World AIDS Day 2020, Ending the HIV/AIDS Epidemic: Resilience and Impact
Learn more about self-testing for HIV.
See if you qualify for Ready, Set, PrEP.
Learn more about the importance of viral supression.
Of all racial and ethnic groups in the U.S., blacks are the hardest hit by HIV and AIDS. According to the CDC's Dr. Kevin Fenton,
“The latest estimates indicate that while blacks make up just 12 percent of the U.S. population, they account for nearly half of new HIV infections...The harsh reality is that 1 in 16 black men will be diagnosed with HIV at some point in their lifetime, as will 1 in 30 black women.”
This issue is important to all of us. So we're interrupting our series on texting medication and appointment reminders to call your attention to National Black HIV/AIDS Awareness Day (NBHAAD) which is observed on February 7.
The Strategic Leadership Council , which is comprised of nine key national organizations, plans and guides implementation of NBHAAD. Working in partnership with the CDC, the Council combines new and traditional media to promote awareness of, and access to, HIV/AIDS services for black Americans. Council member LaMont “Montee” Evans, CEO of Healthy Black Communities , told us, “Utilizing new media––particularly social networking websites (e.g., Facebook and MySpace ) has allowed us to market and raise awareness in the technological world. We can't rely solely on traditional venues to promote our activities and events. At some point, new and traditional media have to marry, and we believe we have established an excellent courting thus far.”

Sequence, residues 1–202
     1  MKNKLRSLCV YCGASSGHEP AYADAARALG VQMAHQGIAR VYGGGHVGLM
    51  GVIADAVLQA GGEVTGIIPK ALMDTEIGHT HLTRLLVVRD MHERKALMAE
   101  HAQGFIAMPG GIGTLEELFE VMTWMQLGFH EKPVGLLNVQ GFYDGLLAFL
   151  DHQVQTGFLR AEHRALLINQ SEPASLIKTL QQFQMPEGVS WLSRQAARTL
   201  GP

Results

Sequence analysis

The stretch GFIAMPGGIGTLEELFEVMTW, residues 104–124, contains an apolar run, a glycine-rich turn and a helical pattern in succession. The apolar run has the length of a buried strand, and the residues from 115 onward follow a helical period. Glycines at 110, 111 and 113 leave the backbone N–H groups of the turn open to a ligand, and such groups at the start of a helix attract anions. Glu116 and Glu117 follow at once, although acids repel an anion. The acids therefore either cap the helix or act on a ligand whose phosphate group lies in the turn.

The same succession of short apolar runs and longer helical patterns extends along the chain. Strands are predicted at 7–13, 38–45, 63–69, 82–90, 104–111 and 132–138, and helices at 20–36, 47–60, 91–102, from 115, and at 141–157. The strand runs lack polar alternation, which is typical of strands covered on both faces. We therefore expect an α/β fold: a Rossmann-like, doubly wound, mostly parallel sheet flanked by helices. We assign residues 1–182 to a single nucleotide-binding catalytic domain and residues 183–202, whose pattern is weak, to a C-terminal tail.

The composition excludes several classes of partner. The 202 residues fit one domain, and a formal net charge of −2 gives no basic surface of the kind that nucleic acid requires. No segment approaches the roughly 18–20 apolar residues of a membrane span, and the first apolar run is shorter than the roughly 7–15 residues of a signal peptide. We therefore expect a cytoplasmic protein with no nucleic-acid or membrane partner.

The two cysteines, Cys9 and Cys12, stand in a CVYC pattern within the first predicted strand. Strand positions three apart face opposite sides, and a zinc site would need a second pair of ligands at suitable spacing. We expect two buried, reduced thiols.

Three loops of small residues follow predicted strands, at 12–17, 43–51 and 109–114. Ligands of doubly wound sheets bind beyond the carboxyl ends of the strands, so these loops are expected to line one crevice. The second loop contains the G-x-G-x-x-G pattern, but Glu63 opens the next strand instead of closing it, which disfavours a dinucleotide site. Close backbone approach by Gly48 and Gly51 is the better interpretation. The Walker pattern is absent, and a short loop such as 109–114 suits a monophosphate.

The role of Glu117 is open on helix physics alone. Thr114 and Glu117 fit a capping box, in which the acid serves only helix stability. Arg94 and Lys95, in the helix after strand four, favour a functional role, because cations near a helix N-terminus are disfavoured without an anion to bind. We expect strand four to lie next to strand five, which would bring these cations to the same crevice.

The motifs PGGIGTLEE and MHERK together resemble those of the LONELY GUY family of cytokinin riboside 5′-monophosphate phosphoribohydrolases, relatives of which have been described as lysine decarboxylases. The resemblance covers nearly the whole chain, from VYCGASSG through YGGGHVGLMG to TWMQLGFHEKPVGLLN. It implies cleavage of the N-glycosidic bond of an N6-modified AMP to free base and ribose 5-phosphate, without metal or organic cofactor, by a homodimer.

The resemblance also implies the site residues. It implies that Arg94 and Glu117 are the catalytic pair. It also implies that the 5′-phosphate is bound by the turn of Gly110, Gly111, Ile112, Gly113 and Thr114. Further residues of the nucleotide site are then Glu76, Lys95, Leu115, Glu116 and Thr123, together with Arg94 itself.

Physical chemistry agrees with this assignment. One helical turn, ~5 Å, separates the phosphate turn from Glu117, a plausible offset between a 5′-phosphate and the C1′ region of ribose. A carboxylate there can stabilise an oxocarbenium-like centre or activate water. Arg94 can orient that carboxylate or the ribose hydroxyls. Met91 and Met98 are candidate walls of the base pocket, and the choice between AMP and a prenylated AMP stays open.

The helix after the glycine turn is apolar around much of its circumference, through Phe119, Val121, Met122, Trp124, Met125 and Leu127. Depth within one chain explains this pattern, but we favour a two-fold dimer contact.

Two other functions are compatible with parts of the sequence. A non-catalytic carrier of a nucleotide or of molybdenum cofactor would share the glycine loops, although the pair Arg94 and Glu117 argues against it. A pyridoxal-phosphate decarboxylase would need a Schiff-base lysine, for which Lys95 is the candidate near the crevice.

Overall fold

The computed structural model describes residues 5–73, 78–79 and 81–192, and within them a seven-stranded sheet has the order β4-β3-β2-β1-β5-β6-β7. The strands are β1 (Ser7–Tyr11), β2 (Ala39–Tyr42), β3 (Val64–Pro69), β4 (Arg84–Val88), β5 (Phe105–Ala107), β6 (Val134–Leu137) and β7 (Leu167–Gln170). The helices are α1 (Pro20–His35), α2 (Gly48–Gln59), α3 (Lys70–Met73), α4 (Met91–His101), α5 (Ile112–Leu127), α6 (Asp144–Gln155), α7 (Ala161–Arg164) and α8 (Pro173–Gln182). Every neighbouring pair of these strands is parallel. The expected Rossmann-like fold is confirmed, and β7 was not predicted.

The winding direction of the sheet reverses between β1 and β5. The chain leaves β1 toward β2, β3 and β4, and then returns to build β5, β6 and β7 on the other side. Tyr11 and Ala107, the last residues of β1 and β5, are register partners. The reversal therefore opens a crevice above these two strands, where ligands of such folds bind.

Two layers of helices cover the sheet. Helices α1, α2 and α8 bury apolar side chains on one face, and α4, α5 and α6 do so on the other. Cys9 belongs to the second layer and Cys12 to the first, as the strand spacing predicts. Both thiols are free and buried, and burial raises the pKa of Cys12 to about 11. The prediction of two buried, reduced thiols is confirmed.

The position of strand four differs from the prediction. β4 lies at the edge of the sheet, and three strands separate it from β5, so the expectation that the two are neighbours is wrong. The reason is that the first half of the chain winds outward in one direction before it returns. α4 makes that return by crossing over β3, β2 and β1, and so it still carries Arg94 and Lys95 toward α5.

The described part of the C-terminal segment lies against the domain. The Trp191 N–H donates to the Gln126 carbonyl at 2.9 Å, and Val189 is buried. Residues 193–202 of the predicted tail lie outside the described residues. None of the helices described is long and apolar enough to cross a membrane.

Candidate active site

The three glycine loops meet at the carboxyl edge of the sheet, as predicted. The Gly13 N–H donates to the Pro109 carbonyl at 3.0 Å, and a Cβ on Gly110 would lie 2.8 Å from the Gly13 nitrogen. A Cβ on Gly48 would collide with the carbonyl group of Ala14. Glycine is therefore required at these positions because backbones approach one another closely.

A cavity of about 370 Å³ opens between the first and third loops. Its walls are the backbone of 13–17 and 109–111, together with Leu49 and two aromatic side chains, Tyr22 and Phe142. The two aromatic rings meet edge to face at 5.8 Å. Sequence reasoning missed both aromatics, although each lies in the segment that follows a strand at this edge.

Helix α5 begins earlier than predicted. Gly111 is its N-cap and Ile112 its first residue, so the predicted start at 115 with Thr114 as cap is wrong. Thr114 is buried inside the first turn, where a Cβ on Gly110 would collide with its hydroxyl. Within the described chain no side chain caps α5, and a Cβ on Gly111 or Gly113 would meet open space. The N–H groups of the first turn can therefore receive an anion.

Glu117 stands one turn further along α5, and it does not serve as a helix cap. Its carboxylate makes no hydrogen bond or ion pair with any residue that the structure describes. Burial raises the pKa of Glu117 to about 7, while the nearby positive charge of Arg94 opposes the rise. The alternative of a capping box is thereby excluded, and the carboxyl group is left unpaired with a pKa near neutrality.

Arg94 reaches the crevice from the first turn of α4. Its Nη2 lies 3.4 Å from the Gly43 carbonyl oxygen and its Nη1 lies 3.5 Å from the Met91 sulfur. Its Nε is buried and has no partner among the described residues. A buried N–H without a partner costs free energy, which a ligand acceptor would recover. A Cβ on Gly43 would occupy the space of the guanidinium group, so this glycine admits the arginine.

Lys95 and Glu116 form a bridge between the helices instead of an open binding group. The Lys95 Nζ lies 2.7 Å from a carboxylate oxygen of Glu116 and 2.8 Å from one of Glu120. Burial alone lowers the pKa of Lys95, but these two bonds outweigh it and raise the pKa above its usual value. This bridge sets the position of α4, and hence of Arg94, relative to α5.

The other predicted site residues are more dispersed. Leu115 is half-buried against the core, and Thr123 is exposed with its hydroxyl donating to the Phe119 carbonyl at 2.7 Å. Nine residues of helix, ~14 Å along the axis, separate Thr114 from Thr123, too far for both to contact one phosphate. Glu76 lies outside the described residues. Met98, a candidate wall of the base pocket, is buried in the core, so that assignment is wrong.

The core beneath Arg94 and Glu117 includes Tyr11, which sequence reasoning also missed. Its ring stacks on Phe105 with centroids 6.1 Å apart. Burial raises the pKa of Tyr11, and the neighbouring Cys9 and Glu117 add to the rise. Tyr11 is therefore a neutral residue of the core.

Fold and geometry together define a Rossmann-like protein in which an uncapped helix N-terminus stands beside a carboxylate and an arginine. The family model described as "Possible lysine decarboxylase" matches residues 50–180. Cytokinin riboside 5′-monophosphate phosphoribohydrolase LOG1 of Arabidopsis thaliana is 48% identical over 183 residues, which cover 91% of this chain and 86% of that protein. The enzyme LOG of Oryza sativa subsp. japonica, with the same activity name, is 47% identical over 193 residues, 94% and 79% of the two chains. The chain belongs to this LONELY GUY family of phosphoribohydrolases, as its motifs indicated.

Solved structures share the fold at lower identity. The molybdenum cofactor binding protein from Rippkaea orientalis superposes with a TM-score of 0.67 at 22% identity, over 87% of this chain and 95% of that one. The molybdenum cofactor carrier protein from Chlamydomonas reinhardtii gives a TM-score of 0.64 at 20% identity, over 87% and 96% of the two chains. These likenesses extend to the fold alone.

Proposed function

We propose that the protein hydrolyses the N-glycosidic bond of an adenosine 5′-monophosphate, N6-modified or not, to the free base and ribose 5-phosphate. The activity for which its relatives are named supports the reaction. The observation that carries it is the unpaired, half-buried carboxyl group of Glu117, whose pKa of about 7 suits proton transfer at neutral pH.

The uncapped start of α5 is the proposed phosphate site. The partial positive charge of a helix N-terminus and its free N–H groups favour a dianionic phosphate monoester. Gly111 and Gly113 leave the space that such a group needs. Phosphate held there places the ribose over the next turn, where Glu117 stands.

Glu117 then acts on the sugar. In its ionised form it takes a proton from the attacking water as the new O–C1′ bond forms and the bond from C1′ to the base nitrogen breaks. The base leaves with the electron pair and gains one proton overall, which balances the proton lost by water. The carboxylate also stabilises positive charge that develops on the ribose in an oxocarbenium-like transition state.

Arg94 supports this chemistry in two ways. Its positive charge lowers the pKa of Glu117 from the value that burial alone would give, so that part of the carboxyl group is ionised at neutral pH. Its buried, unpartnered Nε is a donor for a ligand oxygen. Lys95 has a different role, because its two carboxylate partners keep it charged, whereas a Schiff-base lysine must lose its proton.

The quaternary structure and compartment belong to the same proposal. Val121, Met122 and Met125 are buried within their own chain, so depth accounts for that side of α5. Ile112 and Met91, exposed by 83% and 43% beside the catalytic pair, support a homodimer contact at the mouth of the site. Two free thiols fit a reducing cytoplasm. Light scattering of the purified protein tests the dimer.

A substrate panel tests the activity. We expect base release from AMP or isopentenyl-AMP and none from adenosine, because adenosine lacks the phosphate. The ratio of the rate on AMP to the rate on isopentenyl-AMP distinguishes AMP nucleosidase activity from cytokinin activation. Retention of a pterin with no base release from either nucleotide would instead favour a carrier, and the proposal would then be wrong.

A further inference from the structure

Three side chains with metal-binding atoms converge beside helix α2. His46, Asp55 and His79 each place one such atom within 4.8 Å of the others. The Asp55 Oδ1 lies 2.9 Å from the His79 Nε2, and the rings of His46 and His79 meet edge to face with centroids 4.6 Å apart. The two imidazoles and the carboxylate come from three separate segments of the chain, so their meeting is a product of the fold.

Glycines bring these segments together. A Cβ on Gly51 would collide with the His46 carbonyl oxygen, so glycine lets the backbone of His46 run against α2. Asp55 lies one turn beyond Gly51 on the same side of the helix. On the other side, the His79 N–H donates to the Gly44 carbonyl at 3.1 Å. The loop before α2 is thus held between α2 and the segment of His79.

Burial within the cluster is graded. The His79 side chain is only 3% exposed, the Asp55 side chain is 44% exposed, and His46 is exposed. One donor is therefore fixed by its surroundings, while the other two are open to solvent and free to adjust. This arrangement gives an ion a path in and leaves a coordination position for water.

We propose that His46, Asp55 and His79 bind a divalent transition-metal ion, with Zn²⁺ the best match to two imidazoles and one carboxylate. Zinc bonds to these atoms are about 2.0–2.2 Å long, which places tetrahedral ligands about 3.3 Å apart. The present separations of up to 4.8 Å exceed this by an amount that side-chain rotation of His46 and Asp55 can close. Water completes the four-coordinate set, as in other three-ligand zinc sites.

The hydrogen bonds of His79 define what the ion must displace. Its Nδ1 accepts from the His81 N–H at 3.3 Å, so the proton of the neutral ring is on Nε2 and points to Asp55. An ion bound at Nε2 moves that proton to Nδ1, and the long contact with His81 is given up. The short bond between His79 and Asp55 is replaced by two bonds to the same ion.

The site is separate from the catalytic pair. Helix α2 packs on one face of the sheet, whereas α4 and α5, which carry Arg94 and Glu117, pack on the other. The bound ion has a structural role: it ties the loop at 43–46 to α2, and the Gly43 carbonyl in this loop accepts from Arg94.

Please leave a comment and let us know how you plan to get involved in NBHAAD.
Next week, we'll return to our series on using text messages for HIV appointment and medication reminders.